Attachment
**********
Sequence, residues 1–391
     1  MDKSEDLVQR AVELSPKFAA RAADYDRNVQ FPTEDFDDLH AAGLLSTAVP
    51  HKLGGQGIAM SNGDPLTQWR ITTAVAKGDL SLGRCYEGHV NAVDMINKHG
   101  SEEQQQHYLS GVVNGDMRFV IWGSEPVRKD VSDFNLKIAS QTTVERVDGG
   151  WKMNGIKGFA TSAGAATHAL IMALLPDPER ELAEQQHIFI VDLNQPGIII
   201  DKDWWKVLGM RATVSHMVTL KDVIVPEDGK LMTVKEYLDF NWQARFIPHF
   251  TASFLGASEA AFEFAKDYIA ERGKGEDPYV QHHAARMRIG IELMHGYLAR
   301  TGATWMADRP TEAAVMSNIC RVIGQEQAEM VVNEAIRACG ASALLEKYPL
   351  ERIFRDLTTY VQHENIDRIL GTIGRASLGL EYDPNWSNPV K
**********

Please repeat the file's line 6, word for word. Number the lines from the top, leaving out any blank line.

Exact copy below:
   201  DKDWWKVLGM RATVSHMVTL KDVIVPEDGK LMTVKEYLDF NWQARFIPHF